by Molly Ivins
you lost your homeowner's insurance lately? Seven hundred thousand of us here in Texas have, after Farmers Insurance decided to pull out of the Texas market -- despite the fact that we pay the highest insurance rates in the nation, an annual average of $680 more than homeowners in other states.
So here's 700,000 of us scrambling to find new insurance and fainting when we hear the rates quoted. If we don't carry insurance, under law, the mortgage companies can seize our homes. Great, a whole new class -- the affluent homeless.
How, you may ask, did we get into this mess? If you listen to the insurance companies, they'll tell you it's all because of those terrible trial lawyers bringing those ridiculous lawsuits, and the stupid juries that award millions and then the appeals courts never, ever throw those verdicts out.
Actually, that's not the problem. It is however, part of the problem. It is a small part of the problem.
You never find a mess this big attributable to just one factor. As they say in the sociology departments, the situation is multi-causational. Start with the fact that the insurance industry, like everyone else in the country, is suffering from investment losses, which means its profits are down from obscene to excessive.
We could accuse the companies of making bad investments, but given the state of the economy, it seems unfair to blame them for stupidity. But they did make some massively stupid pricing decisions, particularly in the area of medical malpractice insurance (known to the cognoscenti as "med-mal"), which they are also blaming on trial lawyers.
There's been a lot of screaming about how the cost of med-mal is driving doctors into retirement, but Public Citizen did a 21-state study that shows insurance premiums are rising at the same rate across the board -- homeowners, car and health.
OK, add to this the notorious reluctance of the state of Texas to regulate bidness of any kind. We have a Texas Department of Insurance, it just doesn't do much. Add to that the peculiar genius of our state legislature for fubars (fouled up beyond all recognition).
In 1991, the Lege left a loophole in the insurance law for so-called Lloyd's firms, originally small specialty insurers that took high-risk cases or charged very low premiums for low-risk cases. In 1983, the Lloyds firms had 16 percent of the Texas homeowners market. One year after the Lege left the Lloyds firms out of state regulation, they had 57.8 percent of the market, as the insurance companies shifted to the higher-priced Lloyds. By 2001, it was 95 percent.
Now add a natural disaster or two, flooding in Houston, hurricanes, the usual -- and then add the unnatural disaster of election-year politics. State Attorney General John Cornyn is running for the U.S. Senate seat being vacated by Phil Gramm and faces a strong Democratic opponent. Ergo, he announces in mid-campaign that the state is suing Farmers Insurance for alleged deceptive trade practices and discrimination, and asking for $14 million in refunds and penalties. The Department of Insurance followed suit with a cease and desist order against Farmers accusing the company of "unfair and illegal" practices and seeking $150 million in refunds.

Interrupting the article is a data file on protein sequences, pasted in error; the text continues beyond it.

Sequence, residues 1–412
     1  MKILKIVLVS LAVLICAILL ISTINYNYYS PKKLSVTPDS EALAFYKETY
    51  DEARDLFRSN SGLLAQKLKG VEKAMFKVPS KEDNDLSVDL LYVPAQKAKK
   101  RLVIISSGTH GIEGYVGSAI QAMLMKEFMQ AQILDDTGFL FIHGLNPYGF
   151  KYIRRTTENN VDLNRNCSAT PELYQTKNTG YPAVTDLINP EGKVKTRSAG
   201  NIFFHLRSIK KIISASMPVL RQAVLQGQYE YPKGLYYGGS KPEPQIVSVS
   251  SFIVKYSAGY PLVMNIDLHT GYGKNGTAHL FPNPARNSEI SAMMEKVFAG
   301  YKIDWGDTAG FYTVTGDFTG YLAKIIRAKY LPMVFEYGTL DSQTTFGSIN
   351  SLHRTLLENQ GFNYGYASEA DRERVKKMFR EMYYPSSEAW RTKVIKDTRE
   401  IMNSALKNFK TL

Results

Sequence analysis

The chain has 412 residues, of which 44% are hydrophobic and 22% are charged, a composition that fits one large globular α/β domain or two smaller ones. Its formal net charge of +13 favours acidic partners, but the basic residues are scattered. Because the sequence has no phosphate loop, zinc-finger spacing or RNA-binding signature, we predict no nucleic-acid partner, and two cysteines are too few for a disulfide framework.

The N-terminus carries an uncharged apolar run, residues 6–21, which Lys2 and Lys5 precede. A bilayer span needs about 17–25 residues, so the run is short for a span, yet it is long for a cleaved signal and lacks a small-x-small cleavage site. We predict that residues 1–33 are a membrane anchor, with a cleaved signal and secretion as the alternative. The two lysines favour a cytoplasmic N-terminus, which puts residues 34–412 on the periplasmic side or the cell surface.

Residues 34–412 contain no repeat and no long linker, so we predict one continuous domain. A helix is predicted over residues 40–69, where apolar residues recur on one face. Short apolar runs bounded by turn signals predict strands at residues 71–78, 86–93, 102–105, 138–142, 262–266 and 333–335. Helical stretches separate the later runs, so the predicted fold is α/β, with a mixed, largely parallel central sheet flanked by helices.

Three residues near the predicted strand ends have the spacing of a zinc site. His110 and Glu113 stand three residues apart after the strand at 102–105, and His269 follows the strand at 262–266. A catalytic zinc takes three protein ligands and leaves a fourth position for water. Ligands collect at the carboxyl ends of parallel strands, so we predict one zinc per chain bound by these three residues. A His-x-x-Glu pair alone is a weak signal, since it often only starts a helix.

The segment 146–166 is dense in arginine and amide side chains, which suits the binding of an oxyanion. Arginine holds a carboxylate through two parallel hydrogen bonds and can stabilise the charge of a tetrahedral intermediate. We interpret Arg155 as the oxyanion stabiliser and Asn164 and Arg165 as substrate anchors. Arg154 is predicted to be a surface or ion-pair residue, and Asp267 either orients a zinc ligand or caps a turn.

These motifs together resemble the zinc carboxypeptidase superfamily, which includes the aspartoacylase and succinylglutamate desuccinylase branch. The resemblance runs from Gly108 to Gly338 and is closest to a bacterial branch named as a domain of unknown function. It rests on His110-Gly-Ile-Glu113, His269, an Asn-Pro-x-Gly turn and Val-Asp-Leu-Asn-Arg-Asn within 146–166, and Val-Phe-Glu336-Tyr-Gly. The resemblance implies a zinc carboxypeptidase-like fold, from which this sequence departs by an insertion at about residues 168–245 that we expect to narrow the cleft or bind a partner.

Farmers took a pet and pulled out -- but not, mind you, completely out -- of Texas. The company wants to keep its highly profitable market in other lines of insurance. All the remaining populists in the state think this is a bluff and the governor should call a special session (which he should have done months ago) and tell Farmers it's all or nothing -- if it wants to get out the homeowners market, it can get out of the state, period.
Alas, our governor, Rick (Goodhair) Perry, who has collected $1 million in insurance-company campaign contributions, is notoriously kind to the industry. Many of the 87 vetoes Perry unleashed in the "veto blizzard" of aught-one were, to put it mildly, at the behest of the insurance industry. But now insurance companies are as popular as the clap in this state, and everybody and his hamster is scrambling to get as far away as they can, while simultaneously accusing their political opponents of being in bed with the monsters. All in all, it's quite festive down here.
A subplot involves the controversy over credit-scoring, the insurance company practice of charging those with weak credit ratings higher premiums. Studies show that those with weak credit ratings are no more likely to put in claims than anyone else, so it's a shuck-deal. The Democratic nominee for governor, Tony Sanchez, says he'll stop the credit-scoring practice, and Perry has fired back that Sanchez owns a bank that sells unregulated insurance.
Now here's one of my favorite factoids: If you have put in a claim in the past three years, it is highly unlikely another insurer will be willing to take your business. Farmers says 28.5 percent of customers have filed in the past three years. Is that great? If you want to keep your insurance, never file a claim.
October 10 2002 (http://albionmonitor.com) All Rights Reserved. Contact email@example.com for permission to use in any format.
All Rights Reserved.
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